The following letter was sent to the Chairs of the Senate and Assembly budget committees, with copies to all members. These are the League’s concerns with Governor Murphy’s proposed budget.
Dear Senator Sarlo and Assemblywoman Pintor Marin:
As you review the Governor’s proposed FY 2020 budget and put together a final Appropriations Act, please consider the impact that your decisions will have on New Jersey municipalities and local citizens and businesses. From our perspective, municipal property tax relief funding is of paramount importance.
We thank the Governor for an appropriate increase in Transitional Aid and appreciate the end of the diversions from the Affordable Housing Trust Fund (a $59 million restoration), and on Clean Energy ($70 million) funding programs. More needs to be done to address the affordable housing crisis in New Jersey municipalities. But this is a welcome first step toward the State reentering the playing field to develop a statewide, rational housing policy.
Unfortunately, the proposed budget does not seek to end the diversion of Municipal Property Tax Relief, as well.
Regarding that, the Governor has proposed level funding for combined Energy Tax and Consolidated Municipal Property Tax Relief Assistance (CMPTRA) property tax relief. After 10 years of reduced relief, we had hoped to see these funding sources restored to their previous levels. If the Governor’s proposal is not changed, FY 2020 funding for Energy Tax and CMPTRA property tax relief will be $190 million lower than it was before the Recession of 2008. And if the $71 million shift, which occurred between 2015-2018, from Transitional Aid to CMPTRA, is discounted, the statewide gap grows to over $260 million.
The Energy Tax and CMPTRA are all municipal revenue replacement programs. They are not, properly speaking, State aid. They were not meant to make things better for municipal property taxpayers. They were only intended to keep things from getting worse. But things have gotten worse, since the State slashed funding in the years after the 2008 financial collapse.
In 2007, NJ municipalities divided $1.63 billion in general property tax relief distributions. On average – and no town is average – that was about $2.9 million, per town. It worked out to about $188, per capita. For 2020, the Governor asks for only $1.44 billion in municipal property tax relief. $190 million less than was distributed before the Great Recession. On average, that would be about $2.5 million, per town, or about $161, per resident.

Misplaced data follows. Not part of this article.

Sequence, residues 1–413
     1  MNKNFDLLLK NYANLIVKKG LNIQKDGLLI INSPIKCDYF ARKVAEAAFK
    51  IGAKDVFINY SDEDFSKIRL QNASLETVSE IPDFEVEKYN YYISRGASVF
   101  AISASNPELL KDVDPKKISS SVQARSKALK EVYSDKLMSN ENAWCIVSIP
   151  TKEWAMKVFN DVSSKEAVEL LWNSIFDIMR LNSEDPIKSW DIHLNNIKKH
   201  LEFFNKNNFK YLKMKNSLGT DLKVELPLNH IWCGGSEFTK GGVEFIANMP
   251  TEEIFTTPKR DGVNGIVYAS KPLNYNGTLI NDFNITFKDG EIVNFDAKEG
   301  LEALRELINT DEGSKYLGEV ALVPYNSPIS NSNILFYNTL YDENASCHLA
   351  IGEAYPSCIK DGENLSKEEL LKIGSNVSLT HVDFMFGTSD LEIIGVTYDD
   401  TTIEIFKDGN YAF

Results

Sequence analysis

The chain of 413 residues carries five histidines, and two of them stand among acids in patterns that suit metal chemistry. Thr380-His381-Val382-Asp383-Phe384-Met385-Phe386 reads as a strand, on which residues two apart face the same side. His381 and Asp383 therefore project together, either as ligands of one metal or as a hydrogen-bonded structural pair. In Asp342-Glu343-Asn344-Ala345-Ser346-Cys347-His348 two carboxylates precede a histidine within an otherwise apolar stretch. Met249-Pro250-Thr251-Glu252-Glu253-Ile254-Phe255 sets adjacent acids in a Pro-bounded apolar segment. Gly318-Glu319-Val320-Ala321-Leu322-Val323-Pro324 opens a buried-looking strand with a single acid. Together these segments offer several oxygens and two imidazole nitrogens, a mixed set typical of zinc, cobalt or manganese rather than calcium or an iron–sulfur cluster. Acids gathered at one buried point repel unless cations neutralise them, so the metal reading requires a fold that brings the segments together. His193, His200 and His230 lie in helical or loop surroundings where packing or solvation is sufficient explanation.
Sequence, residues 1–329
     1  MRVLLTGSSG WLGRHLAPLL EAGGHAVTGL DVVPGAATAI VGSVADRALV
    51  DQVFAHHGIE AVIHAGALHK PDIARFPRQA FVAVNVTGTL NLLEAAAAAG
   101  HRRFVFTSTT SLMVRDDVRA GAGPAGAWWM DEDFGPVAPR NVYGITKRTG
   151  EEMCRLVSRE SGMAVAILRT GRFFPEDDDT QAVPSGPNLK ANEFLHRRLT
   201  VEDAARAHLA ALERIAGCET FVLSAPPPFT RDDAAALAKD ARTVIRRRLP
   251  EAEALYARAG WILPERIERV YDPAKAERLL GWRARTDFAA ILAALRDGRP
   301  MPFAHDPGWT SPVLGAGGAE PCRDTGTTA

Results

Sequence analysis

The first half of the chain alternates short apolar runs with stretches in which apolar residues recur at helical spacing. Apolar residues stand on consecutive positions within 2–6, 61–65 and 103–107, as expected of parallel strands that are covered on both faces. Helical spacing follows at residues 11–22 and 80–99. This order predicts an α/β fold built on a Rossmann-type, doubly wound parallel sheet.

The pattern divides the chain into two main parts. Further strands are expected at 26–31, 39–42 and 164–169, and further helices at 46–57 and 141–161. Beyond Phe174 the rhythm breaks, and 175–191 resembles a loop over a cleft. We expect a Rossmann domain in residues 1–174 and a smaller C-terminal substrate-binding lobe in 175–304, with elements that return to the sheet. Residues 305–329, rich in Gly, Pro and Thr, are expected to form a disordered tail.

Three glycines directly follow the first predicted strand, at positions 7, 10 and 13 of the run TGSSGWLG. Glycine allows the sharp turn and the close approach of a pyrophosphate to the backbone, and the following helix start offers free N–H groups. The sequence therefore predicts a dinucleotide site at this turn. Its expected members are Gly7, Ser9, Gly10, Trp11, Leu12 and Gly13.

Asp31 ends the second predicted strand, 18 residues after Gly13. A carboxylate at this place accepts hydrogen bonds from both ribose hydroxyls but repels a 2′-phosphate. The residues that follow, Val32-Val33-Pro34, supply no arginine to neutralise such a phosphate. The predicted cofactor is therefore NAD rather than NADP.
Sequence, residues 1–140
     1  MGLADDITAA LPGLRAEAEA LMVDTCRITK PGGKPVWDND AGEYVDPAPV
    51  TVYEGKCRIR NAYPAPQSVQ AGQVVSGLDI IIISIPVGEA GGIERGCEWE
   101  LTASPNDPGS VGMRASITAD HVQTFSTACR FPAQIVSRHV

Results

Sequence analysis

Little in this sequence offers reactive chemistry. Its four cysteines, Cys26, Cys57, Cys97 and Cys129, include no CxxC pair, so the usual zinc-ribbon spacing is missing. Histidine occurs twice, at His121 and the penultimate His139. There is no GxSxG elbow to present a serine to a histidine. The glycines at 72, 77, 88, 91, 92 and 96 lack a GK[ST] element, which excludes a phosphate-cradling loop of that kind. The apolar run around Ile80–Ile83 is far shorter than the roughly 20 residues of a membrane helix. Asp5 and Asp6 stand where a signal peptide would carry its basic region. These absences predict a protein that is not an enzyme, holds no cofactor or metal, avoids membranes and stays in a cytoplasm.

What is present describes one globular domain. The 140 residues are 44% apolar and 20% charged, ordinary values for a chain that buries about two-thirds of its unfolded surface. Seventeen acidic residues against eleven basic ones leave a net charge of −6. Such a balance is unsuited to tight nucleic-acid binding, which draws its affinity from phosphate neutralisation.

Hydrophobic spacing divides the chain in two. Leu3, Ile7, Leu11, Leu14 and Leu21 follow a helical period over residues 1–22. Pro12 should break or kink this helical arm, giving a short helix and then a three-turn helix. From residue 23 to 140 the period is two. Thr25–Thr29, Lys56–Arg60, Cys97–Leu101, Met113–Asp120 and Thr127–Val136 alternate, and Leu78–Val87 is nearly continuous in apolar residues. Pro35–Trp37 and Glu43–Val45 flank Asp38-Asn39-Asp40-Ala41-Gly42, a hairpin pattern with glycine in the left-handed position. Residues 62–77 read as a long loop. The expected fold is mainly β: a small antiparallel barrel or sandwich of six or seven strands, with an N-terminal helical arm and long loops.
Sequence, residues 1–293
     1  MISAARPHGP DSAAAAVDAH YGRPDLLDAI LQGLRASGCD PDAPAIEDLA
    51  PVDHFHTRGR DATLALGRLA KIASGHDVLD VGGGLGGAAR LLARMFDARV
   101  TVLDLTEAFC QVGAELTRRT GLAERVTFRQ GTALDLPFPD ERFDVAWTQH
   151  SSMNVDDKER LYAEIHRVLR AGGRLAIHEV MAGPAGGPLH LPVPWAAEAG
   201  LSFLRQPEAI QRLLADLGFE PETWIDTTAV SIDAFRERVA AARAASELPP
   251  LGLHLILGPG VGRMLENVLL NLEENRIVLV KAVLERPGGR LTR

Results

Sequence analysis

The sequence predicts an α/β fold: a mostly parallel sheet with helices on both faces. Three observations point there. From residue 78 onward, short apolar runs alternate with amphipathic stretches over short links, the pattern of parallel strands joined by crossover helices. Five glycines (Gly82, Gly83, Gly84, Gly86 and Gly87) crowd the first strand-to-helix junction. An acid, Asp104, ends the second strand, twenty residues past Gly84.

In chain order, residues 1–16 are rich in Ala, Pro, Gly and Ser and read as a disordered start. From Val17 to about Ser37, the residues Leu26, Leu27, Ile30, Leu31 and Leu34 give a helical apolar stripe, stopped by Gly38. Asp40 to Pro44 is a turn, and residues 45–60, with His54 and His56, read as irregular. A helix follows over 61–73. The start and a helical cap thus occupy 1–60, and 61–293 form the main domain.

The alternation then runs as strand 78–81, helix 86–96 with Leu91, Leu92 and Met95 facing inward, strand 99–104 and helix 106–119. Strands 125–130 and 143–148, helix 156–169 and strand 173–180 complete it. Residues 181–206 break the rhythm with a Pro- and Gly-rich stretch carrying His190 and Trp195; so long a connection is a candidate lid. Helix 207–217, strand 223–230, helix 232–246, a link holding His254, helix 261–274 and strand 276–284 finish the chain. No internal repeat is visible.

After over a decade of this failure to honor the State’s statutory promise to local taxpayers, the time has come to recognize the fact that there is a connection between property tax relief funding and property tax relief.
That connection is obscured by the continuation of last year’s decision to open the ETR ‘lock box,’ which has always been funded through taxes (Sales and Corporate) levied on energy suppling utilities. Instead, the budget would, again, deliver level funding with Income Tax dollars. This ‘accounting change’ shakes the foundations of the Energy Tax Receipts Property Tax Relief Fund (ETR), which, for more than twenty years, has delivered reliable and significant property tax relief to municipal home- and business-owners, all around our Garden State.
We want to commend a couple of other initiatives that the Governor mentioned in his speech or that are, otherwise, included in the proposed Budget. Negotiated public employee health benefit reforms are projected to provide a total of $400 million in savings, for local employers participating in the State Health Benefits Program or the School Employees’ Health benefits Program. We are anxious to learn more about how these savings are to be achieved.
Further, we appreciate that the budget would allocate $2 million for outreach for the 2020 Census. And, in addition to $9.8 million in Federal funding, the State will put $10.8 million toward election access and security.
In addition to our advocacy on the matters already mentioned, League members must ask for a permanent fix to the telecommunications business personal property tax problem that costs more communities more tax revenues every year. The problem began in 2008, when Verizon informed a handful of municipalities that it had decided to exempt itself from payment of taxes on all of the cables and electronic equipment it houses in local switching stations. In the years that followed, similar decisions by Verizon have led to cases affecting taxpayers in hundreds of other New Jersey municipalities.
After a court case that dragged on for 10 years, Hopewell Borough finally prevailed over Verizon. But that win only required Verizon to meet its obligations to the citizens of Hopewell for one year. And we have recently learned that Verizon has appealed even that. Absent legislative action, every effected municipality will be faced with mounting legal bills in every year that Verizon claims an exemption.
A few years ago, Senator Smith and Assemblyman Caputo introduced legislation that would address this matter. We hope to see remedial bills again this year. And we hope, this time, to see them passed.
We would welcome the opportunity to meet with you, or any other members of the Senate Budget and Appropriations or the Assembly Budget Committee, to discuss our concerns with the proposed budget. Please ask your staff to contact Michael Cerra, the League’s Assistant Executive Director, to make the arrangements.
Thank you for your consideration.
Contacts: Jon Moran, Sr. Legislative Analyst, email@example.com, 609-695-3481 x121.
Mike Cerra, Assistant Executive Director, firstname.lastname@example.org, 609-695-3481 x120.